Fighting Education Inequality


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Fighting Education Inequality: Segregation in K-12 Schooling & Legacy Preferences in Higher Education. A talk by Richard D. Kahlenberg, Senior Fellow, The Century Foundation , November 10, 2011 at the Education Law Association, Chicago, Illinois

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  • 50 th Anniversary of Brown v. Board of Education. A number of discouraging articles about the resegregation of American schools
  • What you see here is when you compare children living public housing who attended green zone schools to those who attended red zone schools, the gap is even bigger. Essentially, the positive impact of attending low-poverty schools outweighed the district’s strategy of extra resources directed to it’s neediest elementary schools. And the district’s investments in its red zone schools are those that have been supported by research.
  • Fighting Education Inequality

    1. 1. Fighting Education Inequality: Segregation in K-12 Schooling & Legacy Preferences in Higher Education <ul><li>Richard D. Kahlenberg, Senior Fellow, </li></ul><ul><li>The Century Foundation </li></ul><ul><li>November 10, 2011 </li></ul><ul><li>Education Law Association </li></ul><ul><li>Chicago, Illinois </li></ul>
    2. 2. School Integration in the U.S. <ul><li>Continuum of Voluntary Racial and Socioeconomic Plans </li></ul><ul><li>Most Racial Diversity Guaranteed </li></ul><ul><li>Least Legally Sustainable </li></ul><ul><li>Least Racial Diversity Guaranteed </li></ul><ul><li>Most Legally Sustainable </li></ul>Race Only Neither Race nor SES <ul><li>Old Louisville Plan </li></ul><ul><li>Old Seattle Plan </li></ul><ul><li>13,000 + districts </li></ul>Use both Race & SES <ul><li>New Louisville Plan </li></ul><ul><li>Berkeley </li></ul>SES with race as “last resort” <ul><li>Cambridge </li></ul>SES Only <ul><li>Omaha </li></ul><ul><li>Champaign </li></ul>
    3. 3. Districts Pursuing Socioeconomic Integration Today <ul><li>80 U.S. Districts, educating 4 million students, using socioeconomic status as a factor in student assignment. Examples: </li></ul><ul><li>Cambridge, MA. All schools should fall within + or – 10 percentage points of district average for free and reduced price lunch (40%). </li></ul><ul><li>Chicago, IL. 85% low-income so begin by integrating a subset of magnet and selective schools, with the goal of integrating more as middle-class return. </li></ul>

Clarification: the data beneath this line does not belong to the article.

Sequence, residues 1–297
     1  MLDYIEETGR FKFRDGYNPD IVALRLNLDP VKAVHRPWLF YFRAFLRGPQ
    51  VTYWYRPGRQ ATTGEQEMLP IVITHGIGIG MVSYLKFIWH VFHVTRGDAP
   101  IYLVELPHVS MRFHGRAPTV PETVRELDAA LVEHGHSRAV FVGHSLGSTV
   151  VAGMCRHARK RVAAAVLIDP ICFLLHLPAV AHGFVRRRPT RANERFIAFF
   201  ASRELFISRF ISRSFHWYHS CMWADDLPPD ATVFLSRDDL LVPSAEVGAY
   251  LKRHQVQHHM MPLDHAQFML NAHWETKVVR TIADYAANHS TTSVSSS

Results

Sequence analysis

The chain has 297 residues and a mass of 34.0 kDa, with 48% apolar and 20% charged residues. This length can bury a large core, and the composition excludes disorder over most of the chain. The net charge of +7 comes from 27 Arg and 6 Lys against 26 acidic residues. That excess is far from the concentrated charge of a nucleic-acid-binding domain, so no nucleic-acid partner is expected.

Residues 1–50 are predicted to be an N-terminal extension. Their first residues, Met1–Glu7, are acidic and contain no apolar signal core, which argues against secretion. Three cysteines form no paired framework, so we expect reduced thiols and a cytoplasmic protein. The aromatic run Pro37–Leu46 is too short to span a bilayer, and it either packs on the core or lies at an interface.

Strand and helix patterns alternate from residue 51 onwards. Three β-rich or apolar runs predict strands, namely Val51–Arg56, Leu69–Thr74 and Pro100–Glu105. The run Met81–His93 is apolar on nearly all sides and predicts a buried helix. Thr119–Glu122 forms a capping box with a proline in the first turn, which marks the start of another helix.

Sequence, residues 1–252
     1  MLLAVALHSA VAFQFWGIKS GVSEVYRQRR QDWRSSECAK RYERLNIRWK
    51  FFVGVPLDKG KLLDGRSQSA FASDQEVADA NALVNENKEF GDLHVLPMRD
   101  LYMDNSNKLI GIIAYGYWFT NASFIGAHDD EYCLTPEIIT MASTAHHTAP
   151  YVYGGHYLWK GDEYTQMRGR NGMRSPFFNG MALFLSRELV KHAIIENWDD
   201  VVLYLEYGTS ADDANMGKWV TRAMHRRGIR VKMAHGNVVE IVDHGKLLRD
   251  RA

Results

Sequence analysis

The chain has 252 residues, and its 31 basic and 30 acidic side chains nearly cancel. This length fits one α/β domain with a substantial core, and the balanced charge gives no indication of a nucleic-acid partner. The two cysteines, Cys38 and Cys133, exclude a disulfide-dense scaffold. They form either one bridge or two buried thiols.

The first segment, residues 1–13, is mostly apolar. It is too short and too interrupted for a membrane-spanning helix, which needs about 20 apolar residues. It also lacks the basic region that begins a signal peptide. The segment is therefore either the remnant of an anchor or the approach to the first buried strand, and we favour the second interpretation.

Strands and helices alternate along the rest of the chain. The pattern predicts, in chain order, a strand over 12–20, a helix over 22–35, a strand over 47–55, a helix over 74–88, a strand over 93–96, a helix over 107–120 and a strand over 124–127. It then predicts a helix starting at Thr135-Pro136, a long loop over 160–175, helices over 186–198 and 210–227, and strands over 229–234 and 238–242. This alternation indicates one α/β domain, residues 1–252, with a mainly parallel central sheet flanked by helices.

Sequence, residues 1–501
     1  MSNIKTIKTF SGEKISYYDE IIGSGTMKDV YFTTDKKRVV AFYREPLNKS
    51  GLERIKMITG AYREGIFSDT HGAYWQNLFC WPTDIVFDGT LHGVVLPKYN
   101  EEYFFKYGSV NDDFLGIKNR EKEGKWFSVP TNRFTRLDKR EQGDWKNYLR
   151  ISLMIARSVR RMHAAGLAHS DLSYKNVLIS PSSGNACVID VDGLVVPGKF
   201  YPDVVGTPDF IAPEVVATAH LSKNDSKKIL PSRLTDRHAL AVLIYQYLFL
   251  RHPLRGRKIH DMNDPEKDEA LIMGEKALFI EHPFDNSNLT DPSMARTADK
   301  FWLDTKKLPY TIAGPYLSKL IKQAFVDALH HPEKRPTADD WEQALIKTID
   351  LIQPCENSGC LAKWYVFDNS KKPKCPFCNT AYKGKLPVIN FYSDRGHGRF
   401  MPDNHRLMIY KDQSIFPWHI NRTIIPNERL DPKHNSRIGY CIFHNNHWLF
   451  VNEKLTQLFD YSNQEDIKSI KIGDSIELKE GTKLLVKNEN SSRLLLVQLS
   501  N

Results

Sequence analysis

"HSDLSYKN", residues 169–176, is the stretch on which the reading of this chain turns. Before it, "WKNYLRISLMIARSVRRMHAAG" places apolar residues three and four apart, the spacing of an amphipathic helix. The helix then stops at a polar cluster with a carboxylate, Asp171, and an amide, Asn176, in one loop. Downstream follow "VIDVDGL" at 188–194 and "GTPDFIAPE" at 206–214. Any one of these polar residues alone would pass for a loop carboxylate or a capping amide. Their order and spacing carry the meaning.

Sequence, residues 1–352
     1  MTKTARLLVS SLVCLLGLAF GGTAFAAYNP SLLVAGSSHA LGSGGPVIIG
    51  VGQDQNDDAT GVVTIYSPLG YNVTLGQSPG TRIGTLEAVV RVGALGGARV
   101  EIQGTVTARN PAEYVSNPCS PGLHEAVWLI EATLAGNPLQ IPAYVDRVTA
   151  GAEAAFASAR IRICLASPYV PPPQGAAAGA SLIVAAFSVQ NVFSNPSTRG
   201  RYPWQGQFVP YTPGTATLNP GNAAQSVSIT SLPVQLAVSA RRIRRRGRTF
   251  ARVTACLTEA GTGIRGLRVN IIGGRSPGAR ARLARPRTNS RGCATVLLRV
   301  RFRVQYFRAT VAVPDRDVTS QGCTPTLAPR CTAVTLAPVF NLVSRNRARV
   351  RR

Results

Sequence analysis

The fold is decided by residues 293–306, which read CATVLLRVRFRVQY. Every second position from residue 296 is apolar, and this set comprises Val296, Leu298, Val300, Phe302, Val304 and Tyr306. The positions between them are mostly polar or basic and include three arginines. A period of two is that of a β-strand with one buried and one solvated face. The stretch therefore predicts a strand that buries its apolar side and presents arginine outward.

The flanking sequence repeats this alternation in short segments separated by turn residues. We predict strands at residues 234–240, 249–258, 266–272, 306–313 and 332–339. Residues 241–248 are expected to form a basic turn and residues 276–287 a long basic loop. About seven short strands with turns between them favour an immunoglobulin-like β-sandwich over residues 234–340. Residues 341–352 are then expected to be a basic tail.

4. 4. Racial vs. Socioeconomic Integration <ul><li>Socioeconomic integration produces significant racial diversity in a manner that’s perfectly legal </li></ul><ul><ul><li>Among 4 th graders nationally, 24% whites eligible free and reduced lunch; 70% African Americans; 73% Latinos </li></ul></ul><ul><ul><li>Graduated income tax legally fine by income, not by race. </li></ul></ul><ul><ul><li>Enormous benefits to preserving racial integration. </li></ul></ul><ul><li>Not just a clumsy proxy. Research: Academic benefits of integration not from proximity to whiteness but middle-class environment </li></ul><ul><ul><li>Racial Desegregation in Charlotte vs. Boston (1970s) </li></ul></ul><ul><ul><li>Roosevelt Perry Elementary in Louisville. </li></ul></ul>
    5. 5. Classmate Characteristics, by School or Student SES a Percentage of schools reporting student acts of disrespect for teachers in classrooms at least once per week. High-poverty refers to schools with 50 percent or more of their students eligible for free or reduced-price lunch; and low-poverty refers to schools with 20% or less of their students eligible for free or reduced-price lunch. b Percentage of students who have attended two or more schools between first and third grades. High-poverty refers to the study’s lowest family income group (family income is less than $10,000). Low-poverty refers to the study’s highest family income group (family income is $50,000 or more). c Number of words in student’s vocabulary by 36 months of age. High-poverty means child is part of a family receiving welfare, and low-poverty means child is part of a professional family. Source: Rachel Dinkes, Emily Forrest Cataldi, and Wendy Lin-Kelly, Indicators of School Crime and Safety: 2008 , National Center for Education Statistics, U.S. Department of Education and U.S. Department of Justice, Washington, D.C., December 2008, Table 7.2, p. 99 (teacher disrespect); U.S. General Accounting Office, Elementary School Children: Many Change Schools Frequently, Harming Their Education (Washington, DC: U.S. General Accounting Office, 1994) (mobility); and Paul Barton and Richard Coley, Windows on Achievement and Inequality (Princeton, NJ: Educational Testing Service, 2008), p. 9, Figure 2 (vocabulary).
    6. 6. Parental Involvement, by Student SES Source: 1988 National Educational Longitudinal Study data on PTA membership cited in Richard D. Kahlenberg, All Together Now (Washington, DC: Brookings Institution Press, 2001), p. 62; National Center for Education Statistics, Parent and Family Involvement in Education, 2006-07 School Year , August 2008, p. 9, Table 3 (volunteer and committee service). NCES considers students living in households with incomes below the poverty threshold to be poor, or low-SES. Both studies gauge parental involvement based on the socioeconomic status of students—not schools.
    7. 7. Teaching Quality, by School SES Source : U.S. Department of Education, The Condition of Education 2008 (Washington, D.C.: Government Printing Office, 2008), p. 51; Richard M. Ingersoll, cited in “Parsing the Achievement Gap,” Educational Testing Service, 2003, p. 11; Linda Darling-Hammond, “Doing What Matters Most: Investing in Quality Teaching,” National Commission on Teaching and America’s Future, 1997, pp. 25–27.